Egypt Sentences Sociologist to 7 Years in Quick Verdict
New York Times, May 22, 2001
By NEIL MacFARQUHAR
CAIRO, May 21 — Saad Eddin Ibrahim, a prominent sociology professor accused of defaming
Egypt, was convicted today and sentenced to seven years in prison in a case that human rights
organizations say raises serious doubts about Egypt's ability to meet international standards for a fair
The three-judge panel of the Supreme Security Court pronounced the sentence 90 minutes after
defense lawyers, who were still submitting briefs, had finished their summations. The judges had been
expected to deliberate for several days if not months over the thousands of pages of evidence
"This case is a farce," said Negad Borai, the former chairman of the Group for Developing Democracy,
a shuttered civil rights organization. "Egypt does not want real democracy. The state wants us as
puppets in its big show of paper democracy, and if we decide otherwise, it knocks us down."
Mr. Ibrahim, who holds both American and Egyptian citizenship, along with 27 others linked to his Ibn
Khaldun Center for Development Studies — closed by the government last June — were given
sentences ranging from seven years to one year, suspended. The charges included disseminating false
information harmful to Egypt, accepting foreign donations without government permission and
embezzling donated money. Mr. Ibrahim, 62, pleaded not guilty to all charges.
"This is politically motivated and the sentence is politically dictated," Mr. Ibrahim told The Associated
Press on a mobile phone as the police escorted him from the courtroom. "It is a struggle and it will go
on. I do not regret anything I stood for."
The specific reason that Mr. Ibrahim was singled out for arrest and prosecution has baffled rights
activists here and abroad.
The center, which Mr. Ibrahim founded some 12 years ago, had delved into sensitive topics like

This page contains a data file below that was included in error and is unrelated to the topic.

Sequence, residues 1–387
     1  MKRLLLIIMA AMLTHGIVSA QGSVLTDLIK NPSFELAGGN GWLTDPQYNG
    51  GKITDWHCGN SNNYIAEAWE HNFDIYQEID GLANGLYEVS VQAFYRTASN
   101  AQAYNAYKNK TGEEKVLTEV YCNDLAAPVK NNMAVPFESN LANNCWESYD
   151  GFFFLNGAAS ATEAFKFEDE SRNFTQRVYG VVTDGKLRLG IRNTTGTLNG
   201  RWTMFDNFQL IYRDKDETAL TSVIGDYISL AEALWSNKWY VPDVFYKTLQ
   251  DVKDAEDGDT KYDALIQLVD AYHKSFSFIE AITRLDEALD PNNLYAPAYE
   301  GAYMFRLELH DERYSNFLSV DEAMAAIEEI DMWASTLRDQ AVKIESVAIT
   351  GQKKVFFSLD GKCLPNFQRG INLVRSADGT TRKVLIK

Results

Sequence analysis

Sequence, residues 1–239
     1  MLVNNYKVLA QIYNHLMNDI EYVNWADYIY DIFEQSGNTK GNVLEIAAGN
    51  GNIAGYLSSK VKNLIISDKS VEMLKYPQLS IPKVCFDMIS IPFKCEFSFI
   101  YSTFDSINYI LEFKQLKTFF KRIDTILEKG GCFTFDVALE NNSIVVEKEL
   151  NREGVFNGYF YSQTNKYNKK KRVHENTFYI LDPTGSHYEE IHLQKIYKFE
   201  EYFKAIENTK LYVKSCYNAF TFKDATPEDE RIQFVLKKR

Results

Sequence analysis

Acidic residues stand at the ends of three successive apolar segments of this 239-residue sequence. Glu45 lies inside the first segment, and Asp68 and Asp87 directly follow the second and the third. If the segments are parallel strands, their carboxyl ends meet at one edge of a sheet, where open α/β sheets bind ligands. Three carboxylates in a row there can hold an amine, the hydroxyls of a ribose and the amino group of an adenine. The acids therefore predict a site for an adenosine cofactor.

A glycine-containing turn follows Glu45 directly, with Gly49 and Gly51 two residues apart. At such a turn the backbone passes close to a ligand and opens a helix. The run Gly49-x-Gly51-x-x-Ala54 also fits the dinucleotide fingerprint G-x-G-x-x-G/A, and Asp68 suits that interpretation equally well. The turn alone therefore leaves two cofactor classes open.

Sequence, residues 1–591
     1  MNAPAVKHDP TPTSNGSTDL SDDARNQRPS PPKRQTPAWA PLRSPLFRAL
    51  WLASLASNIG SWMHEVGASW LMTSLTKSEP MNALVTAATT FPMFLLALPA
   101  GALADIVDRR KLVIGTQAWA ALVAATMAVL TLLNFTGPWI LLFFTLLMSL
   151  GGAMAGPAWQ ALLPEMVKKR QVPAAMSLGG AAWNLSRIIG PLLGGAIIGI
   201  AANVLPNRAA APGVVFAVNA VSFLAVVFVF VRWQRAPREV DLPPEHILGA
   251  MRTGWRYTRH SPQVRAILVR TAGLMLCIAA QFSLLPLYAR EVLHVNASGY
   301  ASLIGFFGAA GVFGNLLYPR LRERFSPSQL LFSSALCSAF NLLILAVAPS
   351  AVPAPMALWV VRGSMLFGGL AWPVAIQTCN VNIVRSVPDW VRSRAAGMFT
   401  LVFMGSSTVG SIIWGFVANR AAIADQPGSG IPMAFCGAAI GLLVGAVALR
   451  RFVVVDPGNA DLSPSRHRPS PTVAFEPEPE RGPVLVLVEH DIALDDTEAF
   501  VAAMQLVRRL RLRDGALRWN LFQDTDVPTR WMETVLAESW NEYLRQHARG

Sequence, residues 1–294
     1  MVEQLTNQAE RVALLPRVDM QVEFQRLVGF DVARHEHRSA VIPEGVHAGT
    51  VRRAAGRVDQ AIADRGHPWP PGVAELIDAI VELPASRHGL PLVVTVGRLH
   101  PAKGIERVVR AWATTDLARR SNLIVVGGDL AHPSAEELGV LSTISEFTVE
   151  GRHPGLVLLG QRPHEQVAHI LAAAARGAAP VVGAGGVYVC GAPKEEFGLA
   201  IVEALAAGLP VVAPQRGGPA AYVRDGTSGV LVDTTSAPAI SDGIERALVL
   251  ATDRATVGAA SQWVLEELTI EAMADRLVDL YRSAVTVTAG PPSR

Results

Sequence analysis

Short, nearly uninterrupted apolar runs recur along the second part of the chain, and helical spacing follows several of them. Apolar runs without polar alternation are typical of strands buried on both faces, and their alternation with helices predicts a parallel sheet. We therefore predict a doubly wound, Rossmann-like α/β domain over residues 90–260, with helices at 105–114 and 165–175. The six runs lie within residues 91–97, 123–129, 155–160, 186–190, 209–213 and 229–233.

electoral fraud and tensions between Egypt's Muslim majority and Christian minority. In addition, Mr.
Ibrahim was an outspoken advocate of independent elections, and the center had planned to monitor
parliamentary elections last fall. Mr. Ibrahim also wrote a satirical magazine article about Arab leaders
grooming their sons to succeed them, which mentioned the Egyptian president, Hosni Mubarak.
Mr. Mubarak has said in interviews that he had nothing to do with the case, and Egyptian government
officials in general refuse to comment. At one point last year, Osama el-Baz, a senior presidential aide,
denied that the charges were politically motivated, saying that Mr. Ibrahim was being investigated for
violating the law.
Mr. Ibrahim's wife, Barbara, an American academic working in Egypt, staggered from the courthouse
in the arms of supporters and expressed shock at the verdict. "Never in my wildest dreams did I think
that it would be a long prison sentence," she said.
In Washington, the American government voiced disquiet about the verdict. "We are deeply troubled
by the outcome and we have some concerns about the process that resulted in this sentence," said
Gregg Sullivan, a spokesman for the State Department's Near Eastern Affairs bureau.
In the ruckus after the sentences were announced, the judges did not even explain on which counts Mr.
Ibrahim had been found guilty.
International human rights organizations condemned not only the sentence, but also the court
procedures. Although Mr. Ibrahim's lawyers said they planned to appeal the sentence within 60 days,
no appeal is permitted of a case decided by the Supreme Security Court.
Both Human Rights Watch and Amnesty International said lack of appeal violates the norms of justice
laid out in international conventions that Egypt has signed. The two groups issued a joint statement
questioning the hastiness of the verdict.
"The speed with which the verdict was reached raises grave concerns about how seriously the defense
team's evidence — some of which was still being submitted today — was considered," the statement
said. "We fear that the decision to convict had already been made prior to the conclusion of the trial."
Copyright 2001 The New York Times Company